The situation in Waco reminded me that many Americans (and Canadians!) aren’t familiar with the bloody and prolonged Quebec Biker War. Related: this deal we cut was not one of our better decisions as a nation.
On names in fiction:
For some realist writers the best names are invisible. Henry James was a great fretter over names, as you might expect from someone who had the same names as his father, both of which could be interchangeably a surname or a first name. He wanted his characters’ names to have a tang of truth but not too much overt significance. The name Moyra Grabham he thought had ‘a little too much meaning’ to be used in The Ivory Tower. Even James had his Archers and his Goodwoods early in his career, though, and listed ‘Remnant’ and ‘Masterman’ in his notebooks as potentially useful names when he found them in the Times. Jane Austen favoured names which give almost nothing away about status or nature (Fanny Price, Elizabeth Bennet and Emma Woodhouse), but she could in some circumstances use names which suggest meaning: the wild Marianne Dashwood is an early example of a flighty heroine lost in a moral forest, and Mr Knightley, well, he’s not going to be a cad, is he? The fact that Austen called the knightly Knightley ‘Knightley’ suggests the way the choice of a name can follow from the particular nature of a specific work, and may also feed back into a larger literary design. The point of the one-off over-explicit name is that Knightley’s knightliness is utterly obvious to the reader every time his name is mentioned, but it passes Emma by. That was a strong enough reason for Austen to break one of her unwritten rules about naming.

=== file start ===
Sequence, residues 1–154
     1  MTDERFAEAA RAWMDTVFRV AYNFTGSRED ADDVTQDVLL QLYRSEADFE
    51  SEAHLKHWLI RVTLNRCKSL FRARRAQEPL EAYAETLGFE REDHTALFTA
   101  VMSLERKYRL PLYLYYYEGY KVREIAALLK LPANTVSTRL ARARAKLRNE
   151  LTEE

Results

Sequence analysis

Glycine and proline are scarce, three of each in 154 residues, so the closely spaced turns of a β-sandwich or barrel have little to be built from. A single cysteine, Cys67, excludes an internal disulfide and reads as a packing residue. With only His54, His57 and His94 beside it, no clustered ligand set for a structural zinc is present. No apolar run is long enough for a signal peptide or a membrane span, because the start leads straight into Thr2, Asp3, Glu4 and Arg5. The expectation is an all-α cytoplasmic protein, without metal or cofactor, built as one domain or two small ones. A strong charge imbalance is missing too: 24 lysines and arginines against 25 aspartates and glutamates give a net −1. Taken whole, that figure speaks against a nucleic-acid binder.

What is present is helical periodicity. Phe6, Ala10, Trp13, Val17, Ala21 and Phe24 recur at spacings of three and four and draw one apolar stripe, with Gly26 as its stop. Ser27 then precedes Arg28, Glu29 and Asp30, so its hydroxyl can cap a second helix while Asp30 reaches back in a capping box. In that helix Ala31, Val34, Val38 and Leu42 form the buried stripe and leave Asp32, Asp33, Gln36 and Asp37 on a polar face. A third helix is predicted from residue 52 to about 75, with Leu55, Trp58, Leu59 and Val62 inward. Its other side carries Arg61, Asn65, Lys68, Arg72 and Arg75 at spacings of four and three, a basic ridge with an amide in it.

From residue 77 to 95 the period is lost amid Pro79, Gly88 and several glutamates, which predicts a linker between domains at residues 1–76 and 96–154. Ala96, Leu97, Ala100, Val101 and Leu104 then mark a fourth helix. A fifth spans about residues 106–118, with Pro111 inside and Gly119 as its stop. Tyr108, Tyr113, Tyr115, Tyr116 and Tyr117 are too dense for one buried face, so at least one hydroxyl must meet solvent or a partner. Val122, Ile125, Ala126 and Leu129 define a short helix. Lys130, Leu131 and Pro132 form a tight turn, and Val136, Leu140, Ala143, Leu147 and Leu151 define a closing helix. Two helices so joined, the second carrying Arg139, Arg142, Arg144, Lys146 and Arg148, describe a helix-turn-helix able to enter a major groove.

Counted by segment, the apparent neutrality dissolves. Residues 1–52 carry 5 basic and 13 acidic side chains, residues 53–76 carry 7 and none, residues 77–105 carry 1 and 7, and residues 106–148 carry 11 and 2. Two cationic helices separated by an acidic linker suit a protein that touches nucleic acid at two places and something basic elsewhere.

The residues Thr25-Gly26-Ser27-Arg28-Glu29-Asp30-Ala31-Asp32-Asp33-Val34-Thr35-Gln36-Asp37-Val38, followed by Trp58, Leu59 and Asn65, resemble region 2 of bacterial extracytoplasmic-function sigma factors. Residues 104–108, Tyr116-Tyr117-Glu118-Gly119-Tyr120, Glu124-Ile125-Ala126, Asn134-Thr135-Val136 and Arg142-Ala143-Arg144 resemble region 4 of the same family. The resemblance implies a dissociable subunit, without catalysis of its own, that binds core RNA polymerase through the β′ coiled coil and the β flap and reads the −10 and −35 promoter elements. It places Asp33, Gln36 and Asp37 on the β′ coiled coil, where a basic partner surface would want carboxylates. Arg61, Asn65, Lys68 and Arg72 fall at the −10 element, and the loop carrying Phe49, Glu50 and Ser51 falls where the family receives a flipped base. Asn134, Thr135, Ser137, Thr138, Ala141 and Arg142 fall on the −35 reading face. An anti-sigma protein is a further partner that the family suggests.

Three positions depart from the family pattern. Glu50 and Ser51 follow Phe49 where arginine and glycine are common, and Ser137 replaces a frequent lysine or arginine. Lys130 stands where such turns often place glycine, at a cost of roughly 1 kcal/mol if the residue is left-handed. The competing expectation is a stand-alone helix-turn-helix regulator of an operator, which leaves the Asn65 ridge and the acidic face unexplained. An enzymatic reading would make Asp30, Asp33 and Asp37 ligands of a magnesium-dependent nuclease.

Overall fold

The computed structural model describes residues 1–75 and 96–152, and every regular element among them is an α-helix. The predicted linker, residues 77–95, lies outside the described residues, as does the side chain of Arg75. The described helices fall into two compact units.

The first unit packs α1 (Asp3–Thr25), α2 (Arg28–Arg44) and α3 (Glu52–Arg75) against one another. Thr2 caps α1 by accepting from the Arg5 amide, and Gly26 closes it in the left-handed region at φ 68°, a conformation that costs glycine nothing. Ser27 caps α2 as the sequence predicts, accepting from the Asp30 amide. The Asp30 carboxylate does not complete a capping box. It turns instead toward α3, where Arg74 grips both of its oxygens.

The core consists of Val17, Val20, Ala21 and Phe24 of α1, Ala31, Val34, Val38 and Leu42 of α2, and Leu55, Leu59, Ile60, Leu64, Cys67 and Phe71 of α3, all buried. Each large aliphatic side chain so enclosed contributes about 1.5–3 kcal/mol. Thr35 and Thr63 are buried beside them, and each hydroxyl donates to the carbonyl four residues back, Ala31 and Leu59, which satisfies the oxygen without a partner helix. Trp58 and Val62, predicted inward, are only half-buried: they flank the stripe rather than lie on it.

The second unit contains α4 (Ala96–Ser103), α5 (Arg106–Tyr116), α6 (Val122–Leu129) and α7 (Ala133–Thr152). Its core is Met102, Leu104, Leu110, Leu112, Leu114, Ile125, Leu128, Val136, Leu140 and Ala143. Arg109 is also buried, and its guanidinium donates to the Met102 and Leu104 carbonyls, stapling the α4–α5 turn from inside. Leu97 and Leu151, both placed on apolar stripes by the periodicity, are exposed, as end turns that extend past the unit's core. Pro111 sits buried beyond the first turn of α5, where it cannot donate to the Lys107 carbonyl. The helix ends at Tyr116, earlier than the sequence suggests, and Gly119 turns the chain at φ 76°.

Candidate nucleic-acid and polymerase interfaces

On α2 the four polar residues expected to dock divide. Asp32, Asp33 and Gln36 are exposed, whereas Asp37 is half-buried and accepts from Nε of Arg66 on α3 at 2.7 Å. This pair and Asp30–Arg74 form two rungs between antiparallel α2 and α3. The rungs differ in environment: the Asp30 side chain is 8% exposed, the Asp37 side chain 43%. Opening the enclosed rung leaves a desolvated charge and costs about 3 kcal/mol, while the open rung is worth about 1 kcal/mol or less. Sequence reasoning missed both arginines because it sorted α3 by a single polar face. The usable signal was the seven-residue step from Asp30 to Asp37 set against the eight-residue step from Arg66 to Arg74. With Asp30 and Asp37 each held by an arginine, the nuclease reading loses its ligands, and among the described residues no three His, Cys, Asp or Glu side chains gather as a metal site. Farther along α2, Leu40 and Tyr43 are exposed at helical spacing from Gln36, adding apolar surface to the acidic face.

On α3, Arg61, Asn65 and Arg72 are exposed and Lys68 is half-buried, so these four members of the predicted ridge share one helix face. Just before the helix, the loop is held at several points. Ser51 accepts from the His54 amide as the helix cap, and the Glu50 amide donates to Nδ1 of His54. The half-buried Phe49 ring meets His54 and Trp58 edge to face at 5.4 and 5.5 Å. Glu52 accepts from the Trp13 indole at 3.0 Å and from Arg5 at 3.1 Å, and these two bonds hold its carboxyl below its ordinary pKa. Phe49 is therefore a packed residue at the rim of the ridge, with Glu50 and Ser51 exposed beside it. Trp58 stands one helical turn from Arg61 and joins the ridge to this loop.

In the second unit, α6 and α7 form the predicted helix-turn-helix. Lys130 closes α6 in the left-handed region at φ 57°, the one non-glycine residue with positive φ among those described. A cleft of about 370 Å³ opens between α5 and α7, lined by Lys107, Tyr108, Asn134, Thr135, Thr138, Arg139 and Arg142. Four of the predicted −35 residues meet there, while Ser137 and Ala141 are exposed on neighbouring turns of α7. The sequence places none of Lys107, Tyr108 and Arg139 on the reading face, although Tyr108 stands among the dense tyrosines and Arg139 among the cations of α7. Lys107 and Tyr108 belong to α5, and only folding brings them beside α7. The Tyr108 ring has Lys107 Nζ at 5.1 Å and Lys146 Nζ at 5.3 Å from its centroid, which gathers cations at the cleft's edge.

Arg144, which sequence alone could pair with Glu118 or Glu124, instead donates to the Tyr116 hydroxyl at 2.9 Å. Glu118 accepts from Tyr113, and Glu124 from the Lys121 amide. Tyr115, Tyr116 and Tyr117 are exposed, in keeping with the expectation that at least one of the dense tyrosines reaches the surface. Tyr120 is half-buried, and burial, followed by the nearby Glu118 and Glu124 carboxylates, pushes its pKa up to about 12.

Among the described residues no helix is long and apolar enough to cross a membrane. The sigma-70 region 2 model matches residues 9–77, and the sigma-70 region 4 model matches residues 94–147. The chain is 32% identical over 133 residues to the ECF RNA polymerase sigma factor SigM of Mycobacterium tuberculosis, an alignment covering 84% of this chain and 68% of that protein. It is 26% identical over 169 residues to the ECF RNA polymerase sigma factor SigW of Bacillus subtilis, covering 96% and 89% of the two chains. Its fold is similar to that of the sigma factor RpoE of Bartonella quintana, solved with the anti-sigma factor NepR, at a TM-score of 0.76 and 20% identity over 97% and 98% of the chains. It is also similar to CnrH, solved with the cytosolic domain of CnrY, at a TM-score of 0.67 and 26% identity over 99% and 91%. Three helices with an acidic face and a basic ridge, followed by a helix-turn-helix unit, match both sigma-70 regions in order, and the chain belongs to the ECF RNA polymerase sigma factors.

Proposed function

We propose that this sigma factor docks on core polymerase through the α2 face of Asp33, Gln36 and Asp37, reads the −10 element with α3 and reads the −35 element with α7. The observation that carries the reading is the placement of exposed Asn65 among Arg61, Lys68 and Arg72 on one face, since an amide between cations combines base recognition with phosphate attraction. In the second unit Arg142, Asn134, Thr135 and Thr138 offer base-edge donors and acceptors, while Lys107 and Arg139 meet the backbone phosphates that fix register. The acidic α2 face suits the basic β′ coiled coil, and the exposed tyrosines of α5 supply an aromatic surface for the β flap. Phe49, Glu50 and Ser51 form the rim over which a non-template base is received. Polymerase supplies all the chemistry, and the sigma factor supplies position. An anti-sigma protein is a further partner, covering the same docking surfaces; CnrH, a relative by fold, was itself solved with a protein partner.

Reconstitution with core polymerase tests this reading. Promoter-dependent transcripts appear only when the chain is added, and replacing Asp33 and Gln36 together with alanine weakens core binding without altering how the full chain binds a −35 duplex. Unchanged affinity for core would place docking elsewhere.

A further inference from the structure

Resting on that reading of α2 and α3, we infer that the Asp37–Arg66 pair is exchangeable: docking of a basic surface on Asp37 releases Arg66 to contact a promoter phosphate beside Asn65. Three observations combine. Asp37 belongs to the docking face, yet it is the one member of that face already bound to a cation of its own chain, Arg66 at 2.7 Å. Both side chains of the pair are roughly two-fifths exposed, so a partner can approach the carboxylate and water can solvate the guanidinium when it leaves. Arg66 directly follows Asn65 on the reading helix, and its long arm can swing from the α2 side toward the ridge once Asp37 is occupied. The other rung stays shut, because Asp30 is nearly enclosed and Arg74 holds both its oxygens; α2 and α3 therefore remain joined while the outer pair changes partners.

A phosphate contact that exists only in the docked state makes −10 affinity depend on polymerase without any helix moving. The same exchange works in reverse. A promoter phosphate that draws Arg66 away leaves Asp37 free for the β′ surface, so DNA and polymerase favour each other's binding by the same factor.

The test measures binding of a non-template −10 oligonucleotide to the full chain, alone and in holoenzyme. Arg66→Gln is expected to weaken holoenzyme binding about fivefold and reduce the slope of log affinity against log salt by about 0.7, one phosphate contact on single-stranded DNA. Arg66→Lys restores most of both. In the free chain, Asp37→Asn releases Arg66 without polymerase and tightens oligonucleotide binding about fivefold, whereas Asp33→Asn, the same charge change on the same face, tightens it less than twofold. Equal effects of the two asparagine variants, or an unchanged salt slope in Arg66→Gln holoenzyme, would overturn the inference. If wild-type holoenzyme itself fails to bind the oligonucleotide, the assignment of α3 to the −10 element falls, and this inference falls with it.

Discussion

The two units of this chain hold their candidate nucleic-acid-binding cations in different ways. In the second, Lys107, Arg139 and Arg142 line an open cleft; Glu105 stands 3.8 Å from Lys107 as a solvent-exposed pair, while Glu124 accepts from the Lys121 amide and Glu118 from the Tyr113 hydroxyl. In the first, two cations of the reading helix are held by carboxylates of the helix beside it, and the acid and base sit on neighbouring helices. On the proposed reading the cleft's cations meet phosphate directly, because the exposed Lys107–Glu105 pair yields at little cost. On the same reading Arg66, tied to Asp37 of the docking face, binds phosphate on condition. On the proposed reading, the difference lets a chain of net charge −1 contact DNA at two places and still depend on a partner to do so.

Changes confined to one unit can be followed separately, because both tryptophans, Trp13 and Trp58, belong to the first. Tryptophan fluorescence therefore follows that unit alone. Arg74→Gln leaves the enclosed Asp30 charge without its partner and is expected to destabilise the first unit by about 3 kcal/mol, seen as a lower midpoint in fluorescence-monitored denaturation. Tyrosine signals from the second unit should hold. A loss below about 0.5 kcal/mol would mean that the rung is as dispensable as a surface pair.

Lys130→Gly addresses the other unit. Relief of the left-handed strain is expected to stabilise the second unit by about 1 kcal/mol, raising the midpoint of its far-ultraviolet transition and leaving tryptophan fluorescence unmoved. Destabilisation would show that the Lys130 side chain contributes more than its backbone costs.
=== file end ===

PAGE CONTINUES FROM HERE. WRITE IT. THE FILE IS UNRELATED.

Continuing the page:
My friend Nozlee became depressed on hormonal birth control (this also happened to me, and why I am Team Bag It Up.) Pill = depressed, Nuva Ring = panic attacks, condoms = happy and serene as a clam. Hormonal methods are great for lots of people! But don’t let anyone gaslight you into saying it’s impossible to have negative psychological reactions to them.
This is not exactly national news, but I have BEEN to the pictured Flying J and I am outraged by their conduct!
Oh, great, the in-state tuition break is headed out with the dinosaurs:
The slow death of in-state tuition is a case where declining public investment and selfish institutional interests unfortunately coincide. National public universities are cutting in-state enrollment in part to make up for state budget cuts. But they also have a strong desire to become more like elite private universities — Stanford, Duke, the Ivy League — that have the freedom to enroll the best and the brightest from around the world and charge whatever prices the market will bear. Budget cuts give them an excuse to become what they wanted to be all along.
Some very complicated letters home from Dachau.
WORKOUT (then two minutes of running after):
Nicole is an Editor of The Toast.